2011 has been a good year for manufacturing. Now it’s time to work on finding appropriately skilled workers to fill the current demand for jobs and replace an aging workforce.
From the monthly column: Turning Point
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Well, it’s time to ring out 2011. And barring any last-minute hiccups, according to most information I’m privy to, it’s been a good year for manufacturing.
Shops I talk to are busy and do not see a let-up in the foreseeable future. Even the catastrophe earlier in the year in Japan that lead to critical shortages in many industries seems to be working itself out sooner than was expected.
As we round the corner into 2012, I wanted to mention two bright spots that recently came to my attention. They have to do with home-grown initiatives to help with our industry’s most pressing problem: finding appropriately skilled workers to fill the current demand for jobs and replacing an aging population already employed.
Let’s face the facts: There will be no federal, state or local knight to come charging to our rescue, no matter how much lip service is being devoted to the subject. Small- to medium-sized businesses historically have been on their own.
I also think for manufacturing to continue to lead the economy as we have for the past couple years, our skills shortage needs to be addressed. There are many groups, associations and companies working hard to direct young people and the not so young toward a career in the manufacturing field.
As Hanan Fishman, president of Partmaker Software, puts it in a recent release: “Today’s jobs situation seems to be a tale of two markets. On one hand, nationwide unemployment stubbornly hovers at more than 9 percent. On the other hand, advanced CNC manufacturers are having a hard time finding the skilled help they need to meet customer demands in the face of increased part complexity, reduced lot sizes and shorter lead times.”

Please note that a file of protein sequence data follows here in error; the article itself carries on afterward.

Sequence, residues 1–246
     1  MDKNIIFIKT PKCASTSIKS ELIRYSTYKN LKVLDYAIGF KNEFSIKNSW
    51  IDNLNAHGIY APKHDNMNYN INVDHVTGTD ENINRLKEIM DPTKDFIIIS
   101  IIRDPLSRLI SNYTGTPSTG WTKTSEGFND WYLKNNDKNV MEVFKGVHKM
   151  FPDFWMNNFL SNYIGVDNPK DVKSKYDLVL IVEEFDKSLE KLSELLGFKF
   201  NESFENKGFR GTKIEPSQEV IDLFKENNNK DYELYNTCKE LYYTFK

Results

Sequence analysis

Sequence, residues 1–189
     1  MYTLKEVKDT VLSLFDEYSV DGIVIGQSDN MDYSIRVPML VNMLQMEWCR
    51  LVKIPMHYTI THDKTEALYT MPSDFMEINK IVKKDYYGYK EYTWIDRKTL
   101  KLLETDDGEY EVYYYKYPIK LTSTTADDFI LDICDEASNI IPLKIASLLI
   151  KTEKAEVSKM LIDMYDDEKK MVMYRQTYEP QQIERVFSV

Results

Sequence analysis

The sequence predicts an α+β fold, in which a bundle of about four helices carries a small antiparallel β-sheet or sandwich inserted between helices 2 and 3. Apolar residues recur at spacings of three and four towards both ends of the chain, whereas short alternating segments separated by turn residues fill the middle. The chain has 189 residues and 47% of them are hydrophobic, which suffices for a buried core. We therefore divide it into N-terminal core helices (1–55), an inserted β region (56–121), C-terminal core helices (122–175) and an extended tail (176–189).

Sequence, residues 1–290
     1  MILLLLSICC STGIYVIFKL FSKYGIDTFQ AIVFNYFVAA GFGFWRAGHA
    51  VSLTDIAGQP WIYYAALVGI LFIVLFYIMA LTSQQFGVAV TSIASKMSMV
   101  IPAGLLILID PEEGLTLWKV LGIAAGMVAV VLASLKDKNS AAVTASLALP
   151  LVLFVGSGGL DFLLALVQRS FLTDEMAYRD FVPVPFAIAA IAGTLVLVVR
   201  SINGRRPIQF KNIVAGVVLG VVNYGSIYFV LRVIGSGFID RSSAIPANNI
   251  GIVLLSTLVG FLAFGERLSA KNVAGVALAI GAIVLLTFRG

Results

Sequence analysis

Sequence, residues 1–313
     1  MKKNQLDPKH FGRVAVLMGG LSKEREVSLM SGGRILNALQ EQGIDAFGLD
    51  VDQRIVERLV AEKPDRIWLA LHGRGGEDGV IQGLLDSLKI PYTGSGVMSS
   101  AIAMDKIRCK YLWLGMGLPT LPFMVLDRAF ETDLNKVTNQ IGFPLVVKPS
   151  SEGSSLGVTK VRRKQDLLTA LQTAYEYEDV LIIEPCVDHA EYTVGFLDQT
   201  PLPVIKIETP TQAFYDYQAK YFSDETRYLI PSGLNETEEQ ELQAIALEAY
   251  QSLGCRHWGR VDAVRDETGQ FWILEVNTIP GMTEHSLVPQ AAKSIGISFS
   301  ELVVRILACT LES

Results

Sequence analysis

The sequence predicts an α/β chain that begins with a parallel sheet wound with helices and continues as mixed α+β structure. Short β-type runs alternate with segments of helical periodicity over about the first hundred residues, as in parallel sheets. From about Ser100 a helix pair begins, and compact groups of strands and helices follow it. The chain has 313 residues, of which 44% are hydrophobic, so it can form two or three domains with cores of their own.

There are tools available to make manufacturing an interesting and rewarding vocation. Multitasking machine tools that can machine complex parts in a single handling are helping shops do more with less. Additionally, software (such as that from PartMaker) is automating the complex programming requirements of these advanced machine tools.
The disconnect seems to be finding people or making available the skills needed to operate in this more-sophisticated manufacturing environment. To that end, in order to close what it calls the “skills gap,” for a limited time Partmaker is offering free or reduced-cost training on its multitasking and Swiss-type programming software in facilities in Chicago, Los Angeles and Philadelphia, as well as at customers’ facilities or via the Internet. All classes are taught by the company’s application engineers and engineers with decades of combined CAD/CAM experience.
Another example of a manufacturer stepping up is a $150,000 grant recently made by the Gene Haas Foundation to SME’s Education Foundation for machinist training in high unemployment markets. According to SME, the goal of this grant is to align machinist training with the needs of job seekers and employers in targeted local communities where unemployment is between 8 and 12 percent.
According to Bart Aslin, CEO of the SME Foundation, “There is an urgent need, and so the time is now. We have created a growing number of strong partnerships between organizations, businesses and exemplary schools to bring a comprehensive approach to manufacturing education.”
Offering scholarships is another example of how movements begin—small, even one person at a time—but in order to grow, the key is to get something in motion.
I really like hearing about companies such as Partmaker and Haas and organizations such as SME stepping up to the plate to try to do something positive about the skills gap in our country’s manufacturing economy. History has shown us that if the industry doesn’t help itself, there are few alternatives.
My guess is that there are other examples of companies, associations, schools and other manufacturing-focused entities trying to move manufacturing forward by engaging the workforce for the 21st century. As I said, I want to hear more about these efforts. If you know of any, please drop me an email. Perhaps I can share the information nationally, and it might inspire more positive efforts such as these. If you tell somebody and they tell somebody…